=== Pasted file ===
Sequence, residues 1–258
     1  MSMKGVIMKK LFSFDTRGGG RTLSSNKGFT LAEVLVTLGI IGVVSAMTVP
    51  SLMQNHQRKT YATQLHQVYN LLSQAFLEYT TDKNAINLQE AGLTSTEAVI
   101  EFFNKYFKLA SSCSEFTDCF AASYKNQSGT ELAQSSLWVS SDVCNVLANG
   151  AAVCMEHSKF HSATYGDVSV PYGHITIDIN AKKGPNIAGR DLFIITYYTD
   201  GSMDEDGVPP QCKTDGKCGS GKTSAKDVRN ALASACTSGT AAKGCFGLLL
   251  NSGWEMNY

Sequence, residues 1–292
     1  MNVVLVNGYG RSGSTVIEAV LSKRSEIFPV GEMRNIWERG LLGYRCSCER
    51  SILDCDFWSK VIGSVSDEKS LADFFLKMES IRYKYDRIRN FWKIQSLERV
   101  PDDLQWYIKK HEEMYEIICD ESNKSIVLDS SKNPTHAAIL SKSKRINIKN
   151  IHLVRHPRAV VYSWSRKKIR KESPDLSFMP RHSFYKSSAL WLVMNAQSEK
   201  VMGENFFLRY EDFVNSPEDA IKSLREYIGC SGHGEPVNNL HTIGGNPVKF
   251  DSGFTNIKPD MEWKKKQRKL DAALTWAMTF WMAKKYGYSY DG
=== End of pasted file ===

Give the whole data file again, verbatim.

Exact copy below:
Sequence, residues 1–258
     1  MSMKGVIMKK LFSFDTRGGG RTLSSNKGFT LAEVLVTLGI IGVVSAMTVP
    51  SLMQNHQRKT YATQLHQVYN LLSQAFLEYT TDKNAINLQE AGLTSTEAVI
   101  EFFNKYFKLA SSCSEFTDCF AASYKNQSGT ELAQSSLWVS SDVCNVLANG
   151  AAVCMEHSKF HSATYGDVSV PYGHITIDIN AKKGPNIAGR DLFIITYYTD
   201  GSMDEDGVPP QCKTDGKCGS GKTSAKDVRN ALASACTSGT AAKGCFGLLL
   251  NSGWEMNY

Sequence, residues 1–292
     1  MNVVLVNGYG RSGSTVIEAV LSKRSEIFPV GEMRNIWERG LLGYRCSCER
    51  SILDCDFWSK VIGSVSDEKS LADFFLKMES IRYKYDRIRN FWKIQSLERV
   101  PDDLQWYIKK HEEMYEIICD ESNKSIVLDS SKNPTHAAIL SKSKRINIKN
   151  IHLVRHPRAV VYSWSRKKIR KESPDLSFMP RHSFYKSSAL WLVMNAQSEK
   201  VMGENFFLRY EDFVNSPEDA IKSLREYIGC SGHGEPVNNL HTIGGNPVKF
   251  DSGFTNIKPD MEWKKKQRKL DAALTWAMTF WMAKKYGYSY DG